View The Curie College welcome letter 2023-24

‘Life is not easy for any of us. But what of that? We must have perseverance and above all confidence in ourselves. We must believe that we are gifted for something and that this thing must be attained’.

Marie Curie was Polish born and was the first woman to win a Nobel Prize in 1903. She went on to win another Nobel Prize in 1911 in Chemistry that awarded her for her work in discovering a way to measure radioactivity. Marie Curie is most famous for working alongside her husband to discover two new elements: radium and polonium. This was not easy work and she demonstrated resilience and perseverance in her pursuit to prove that these elements existed.

Marie Curie was open minded. She listened to the ideas of others to help her develop her work on radiation. She was a risk-taker, carrying out many experiments with radioactive elements to develop more powerful x-rays. Curie’s work with these materials inevitably led to her becoming ill and it is suspected today that the physical nature of the work and the exposure to radioactive materials resulted in her developing radiation sickness.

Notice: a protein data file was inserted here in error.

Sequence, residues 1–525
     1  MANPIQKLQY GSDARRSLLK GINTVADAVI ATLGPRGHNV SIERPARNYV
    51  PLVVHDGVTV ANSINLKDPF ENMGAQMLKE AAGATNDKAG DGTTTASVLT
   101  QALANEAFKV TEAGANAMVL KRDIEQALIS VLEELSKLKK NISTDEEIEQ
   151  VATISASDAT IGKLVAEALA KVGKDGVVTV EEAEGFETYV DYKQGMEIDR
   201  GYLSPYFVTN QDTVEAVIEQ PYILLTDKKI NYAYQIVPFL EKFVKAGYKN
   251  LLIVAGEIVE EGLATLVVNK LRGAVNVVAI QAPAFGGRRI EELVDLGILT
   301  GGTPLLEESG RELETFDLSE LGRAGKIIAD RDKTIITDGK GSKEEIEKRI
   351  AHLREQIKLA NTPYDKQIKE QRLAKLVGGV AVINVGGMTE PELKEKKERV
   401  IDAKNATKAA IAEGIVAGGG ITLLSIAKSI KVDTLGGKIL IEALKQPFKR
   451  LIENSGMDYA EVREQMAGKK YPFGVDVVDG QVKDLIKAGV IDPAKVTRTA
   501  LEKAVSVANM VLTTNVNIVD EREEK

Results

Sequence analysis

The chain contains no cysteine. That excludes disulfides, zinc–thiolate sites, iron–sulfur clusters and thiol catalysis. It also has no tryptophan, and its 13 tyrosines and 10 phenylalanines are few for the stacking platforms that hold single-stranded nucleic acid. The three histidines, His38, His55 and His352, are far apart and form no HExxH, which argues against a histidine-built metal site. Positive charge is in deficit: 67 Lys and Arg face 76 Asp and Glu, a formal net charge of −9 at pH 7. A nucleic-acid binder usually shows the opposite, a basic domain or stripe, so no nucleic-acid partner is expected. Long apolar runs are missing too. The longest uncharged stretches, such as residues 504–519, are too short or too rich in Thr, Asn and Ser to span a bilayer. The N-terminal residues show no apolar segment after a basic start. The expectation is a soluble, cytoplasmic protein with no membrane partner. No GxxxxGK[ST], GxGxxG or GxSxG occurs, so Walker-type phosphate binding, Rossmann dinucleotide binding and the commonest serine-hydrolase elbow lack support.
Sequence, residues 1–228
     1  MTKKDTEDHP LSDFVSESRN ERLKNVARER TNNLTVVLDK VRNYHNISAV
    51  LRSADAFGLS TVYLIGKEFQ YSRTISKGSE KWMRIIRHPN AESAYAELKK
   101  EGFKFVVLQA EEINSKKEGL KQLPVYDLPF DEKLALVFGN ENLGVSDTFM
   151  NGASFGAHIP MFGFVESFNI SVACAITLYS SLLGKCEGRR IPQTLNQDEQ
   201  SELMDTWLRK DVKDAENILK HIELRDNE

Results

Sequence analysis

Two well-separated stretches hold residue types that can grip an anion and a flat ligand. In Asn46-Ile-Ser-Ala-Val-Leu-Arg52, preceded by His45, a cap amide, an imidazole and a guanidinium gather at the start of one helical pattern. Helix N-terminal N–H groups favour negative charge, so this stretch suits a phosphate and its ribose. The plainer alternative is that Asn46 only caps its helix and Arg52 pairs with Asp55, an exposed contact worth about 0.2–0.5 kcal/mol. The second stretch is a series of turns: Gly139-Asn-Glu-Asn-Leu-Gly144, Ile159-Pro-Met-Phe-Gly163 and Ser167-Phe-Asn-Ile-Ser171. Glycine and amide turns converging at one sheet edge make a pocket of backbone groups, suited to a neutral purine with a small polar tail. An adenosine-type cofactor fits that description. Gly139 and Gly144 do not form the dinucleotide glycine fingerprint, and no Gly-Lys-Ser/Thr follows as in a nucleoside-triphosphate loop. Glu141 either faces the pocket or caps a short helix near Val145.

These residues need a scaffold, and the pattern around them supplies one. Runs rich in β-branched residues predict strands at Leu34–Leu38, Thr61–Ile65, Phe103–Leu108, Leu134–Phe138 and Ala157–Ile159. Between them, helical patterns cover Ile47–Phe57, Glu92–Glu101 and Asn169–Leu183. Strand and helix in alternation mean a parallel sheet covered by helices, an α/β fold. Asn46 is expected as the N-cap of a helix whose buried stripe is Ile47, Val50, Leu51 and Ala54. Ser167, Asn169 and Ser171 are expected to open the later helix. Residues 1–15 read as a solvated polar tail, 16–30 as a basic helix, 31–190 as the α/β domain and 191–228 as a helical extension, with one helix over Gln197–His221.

Marie Curie was balanced; she continued to work and pursue her passion for science whilst also having a husband and raising two daughters. She was caring and compassionate.  During World War One she created mobile x-ray units and trained women to operate them to help soldiers who were injured in battle. She was reflective and applied this nature to her work, often looking back at her discoveries and seeing what she could do to further develop them.

Marie Curie was a thinker, taking what she knew and applying it to allow her to make new discoveries and she was principled, spending time working as a teacher to pay for her sister to go to university.

‘We know what we are, but not what we may be’